I have to admit, I have been a long-term admirer of Zenith. I have also been contemplating if there might still be integrated bracelet sports watches out there for me. A good Royal Oak or Nautilus appeals to me, but they have grown out of my reach. Could my beloved Zenith perhaps supply me with the watch I long for in this Defy Skyline?

I have given this blue-dialed example a thorough test drive to find out. Let’s dive into the experience and see whether I have ended up buying one. And, of course, whether or not I think you should.

The Zenith Defy Skyline

We are dealing with a 41mm case, characterized primarily by its interesting bezel and integrated H-link bracelet. The example I have here is fitted with a blue dial, though silver and black dials are also available. The watch comes with an additional rubber strap, which is blue in this case. The black-dial version comes with a black rubber strap, while the silver comes with a khaki-green one.

The dial is patterned with four-pointed stars recessed into the surface. There is also a subtle sunburst pattern to add some depth. We find a date at three and a sub-seconds at nine o’clock. Lumed, applied, and faceted indices combine nicely with the hands. And, of course, we find a Zenith logo and an applied five-pointed star at 12 o’clock.

The movement

Inside, we find an El Primero 3620 high-beat automatic caliber. It is, obviously, a non-chronograph version of the famous movement. As such, Zenith has put the date at three o’clock rather than four-thirty. It has a power reserve of 60 hours and a beat rate of 36,000vph. The Zenith Defy Skyline puts that beat rate to good use because it displays 1/10th of a second via its sub-dial at nine. The caliber can be admired through a sapphire display case back.

The case

The case of the Zenith Defy Skyline is beautifully made. Its brutalist, angular shapes are offset by the complex twelve-sided bezel. The finishing is nice and fine. The edges look razor-sharp, but they do not feel that way.

The crown is large and, to my eye, does not quite fit the design of the case and bracelet. It features medium-blasted surfaces, which are nowhere else on the watch. I feel the intricate bezel could have provided better inspiration for the crown. In fact, the crown on the original Defy Classic would make more sense here than this one, I feel.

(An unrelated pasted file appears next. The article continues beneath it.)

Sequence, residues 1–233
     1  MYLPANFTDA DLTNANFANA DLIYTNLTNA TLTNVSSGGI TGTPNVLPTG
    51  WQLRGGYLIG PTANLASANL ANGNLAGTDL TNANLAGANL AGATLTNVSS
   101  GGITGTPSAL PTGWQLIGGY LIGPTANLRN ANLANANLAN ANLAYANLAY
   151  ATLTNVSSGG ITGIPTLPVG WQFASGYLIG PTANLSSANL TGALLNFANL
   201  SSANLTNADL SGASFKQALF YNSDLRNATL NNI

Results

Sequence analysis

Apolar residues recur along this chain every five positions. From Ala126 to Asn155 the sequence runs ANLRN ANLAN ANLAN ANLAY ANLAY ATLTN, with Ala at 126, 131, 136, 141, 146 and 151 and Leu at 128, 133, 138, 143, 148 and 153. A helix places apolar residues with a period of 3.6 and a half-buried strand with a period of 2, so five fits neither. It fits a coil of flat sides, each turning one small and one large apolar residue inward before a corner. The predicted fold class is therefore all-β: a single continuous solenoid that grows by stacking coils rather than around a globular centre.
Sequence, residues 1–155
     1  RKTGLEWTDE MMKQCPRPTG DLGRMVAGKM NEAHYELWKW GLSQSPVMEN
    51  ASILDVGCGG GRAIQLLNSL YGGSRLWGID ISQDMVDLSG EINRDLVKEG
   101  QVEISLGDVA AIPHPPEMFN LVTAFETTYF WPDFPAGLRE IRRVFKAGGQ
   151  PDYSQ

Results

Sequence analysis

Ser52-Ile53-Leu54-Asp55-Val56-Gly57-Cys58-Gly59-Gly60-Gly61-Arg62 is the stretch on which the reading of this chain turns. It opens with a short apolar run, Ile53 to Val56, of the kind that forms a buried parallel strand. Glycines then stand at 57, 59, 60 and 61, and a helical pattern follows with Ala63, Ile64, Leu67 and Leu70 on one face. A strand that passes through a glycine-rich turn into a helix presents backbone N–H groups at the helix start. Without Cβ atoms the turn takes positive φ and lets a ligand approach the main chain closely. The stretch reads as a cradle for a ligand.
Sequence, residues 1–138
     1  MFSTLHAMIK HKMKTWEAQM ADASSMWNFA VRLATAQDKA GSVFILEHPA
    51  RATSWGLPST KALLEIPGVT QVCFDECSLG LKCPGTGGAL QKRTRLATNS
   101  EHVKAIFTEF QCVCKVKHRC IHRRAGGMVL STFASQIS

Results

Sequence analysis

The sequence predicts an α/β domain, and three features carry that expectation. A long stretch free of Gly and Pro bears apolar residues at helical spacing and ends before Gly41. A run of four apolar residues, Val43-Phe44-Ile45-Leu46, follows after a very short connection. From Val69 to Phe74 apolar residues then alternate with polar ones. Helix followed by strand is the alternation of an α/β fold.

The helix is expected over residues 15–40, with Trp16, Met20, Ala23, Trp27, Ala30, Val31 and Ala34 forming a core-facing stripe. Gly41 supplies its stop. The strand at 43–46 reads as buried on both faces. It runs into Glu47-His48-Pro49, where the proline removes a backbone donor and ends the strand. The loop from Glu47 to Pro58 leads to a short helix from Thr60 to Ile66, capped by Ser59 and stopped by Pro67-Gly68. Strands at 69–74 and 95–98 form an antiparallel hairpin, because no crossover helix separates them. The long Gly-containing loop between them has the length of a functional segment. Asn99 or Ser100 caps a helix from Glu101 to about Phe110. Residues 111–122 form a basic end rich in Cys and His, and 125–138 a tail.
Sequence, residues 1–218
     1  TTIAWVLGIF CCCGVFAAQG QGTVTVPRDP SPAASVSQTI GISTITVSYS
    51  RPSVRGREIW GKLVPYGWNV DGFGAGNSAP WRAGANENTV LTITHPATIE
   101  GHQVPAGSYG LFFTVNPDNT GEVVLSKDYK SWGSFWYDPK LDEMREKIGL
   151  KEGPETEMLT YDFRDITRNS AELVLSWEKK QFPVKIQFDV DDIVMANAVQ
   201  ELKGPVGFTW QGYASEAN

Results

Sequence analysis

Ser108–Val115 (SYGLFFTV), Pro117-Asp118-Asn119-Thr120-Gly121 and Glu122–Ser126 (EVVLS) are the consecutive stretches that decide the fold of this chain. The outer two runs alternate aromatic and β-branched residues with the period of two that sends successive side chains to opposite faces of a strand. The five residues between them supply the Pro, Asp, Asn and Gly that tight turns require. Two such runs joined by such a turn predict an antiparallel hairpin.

The stainless steel case has a lug-to-lug length of 47mm and a thickness of 12.5mm. That does not sound like a tall watch, but its slab sides do give it some very serious wrist presence. It is also water-resistant to 100 meters.

The bracelet and rubber strap

This style of watch leans heavily on its bracelet. I am happy to report that Zenith knocks it out of the park with this one. This is largely due to its radical taper. At its broadest, it measures 26mm in width. It then tapers down to a mere 17mm. The result is equal parts elegant and comfortable.

Furthermore, the bracelet is beautifully made and finished. All links are faceted and feature pronounced brushing, which instantly lets you know that this is a luxurious watch. The facets are polished, providing a little bit of shine without ever getting blingy. Links can be removed via double-sided screws. These are a bit of a pain because you have to put one screwdriver in a vice and operate a second in an awkward balancing act. Since there is no micro-adjust in the dual-deployant clasp, you’d better not gain and lose weight too regularly.

It makes sense for Zenith to supply a second strap since swapping them out is a breeze. There is a quick-release button on both sides of the case, similar to Cartier’s current Santos. This is a very handy feature that I would like to see more brands adopt. No tools are needed, and you can swap straps in a matter of seconds.

The rubber strap is very nicely made. Its contours follow the shape of the watch perfectly. The pattern in the dial is repeated inversely on the strap. It almost looks as if the strap was used to perforate the dial. It is details such as these that elevate a watch to higher levels.

Unfortunately, the inside of the rubber strap is smooth. I found it quite sticky and uncomfortable. It would really benefit from some patterning to allow for more air between the rubber and your skin. I found myself preferring the Defy Skyline on the steel bracelet, which really makes it shine a lot more.

1/10th of a second is not so zen

On to the mechanical party piece of the Zenith Defy Skyline — the 1/10th-of-a-second display. Basically, you will find the seconds hand blazing around the sub-dial once every ten seconds. It does so in ten jumps per second, technically displaying 1/10th of a second.